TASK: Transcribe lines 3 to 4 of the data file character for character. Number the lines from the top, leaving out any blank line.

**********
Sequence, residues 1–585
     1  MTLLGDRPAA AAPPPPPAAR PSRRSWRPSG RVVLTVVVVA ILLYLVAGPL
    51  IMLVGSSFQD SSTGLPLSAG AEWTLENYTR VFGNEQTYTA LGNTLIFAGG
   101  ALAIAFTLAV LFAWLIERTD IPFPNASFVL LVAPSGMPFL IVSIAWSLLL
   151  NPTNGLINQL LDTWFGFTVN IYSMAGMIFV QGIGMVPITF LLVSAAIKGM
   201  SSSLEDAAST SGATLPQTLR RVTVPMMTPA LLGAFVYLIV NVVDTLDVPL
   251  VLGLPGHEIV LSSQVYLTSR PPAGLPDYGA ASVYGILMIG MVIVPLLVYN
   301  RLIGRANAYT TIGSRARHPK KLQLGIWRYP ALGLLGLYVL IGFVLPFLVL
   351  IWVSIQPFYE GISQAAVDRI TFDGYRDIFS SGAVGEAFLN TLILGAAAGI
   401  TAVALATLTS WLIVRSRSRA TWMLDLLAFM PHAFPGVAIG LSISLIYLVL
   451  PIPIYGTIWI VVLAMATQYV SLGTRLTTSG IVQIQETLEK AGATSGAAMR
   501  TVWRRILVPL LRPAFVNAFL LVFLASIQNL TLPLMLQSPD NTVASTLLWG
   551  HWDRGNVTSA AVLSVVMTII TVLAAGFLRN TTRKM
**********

    51  IMLVGSSFQD SSTGLPLSAG AEWTLENYTR VFGNEQTYTA LGNTLIFAGG
   101  ALAIAFTLAV LFAWLIERTD IPFPNASFVL LVAPSGMPFL IVSIAWSLLL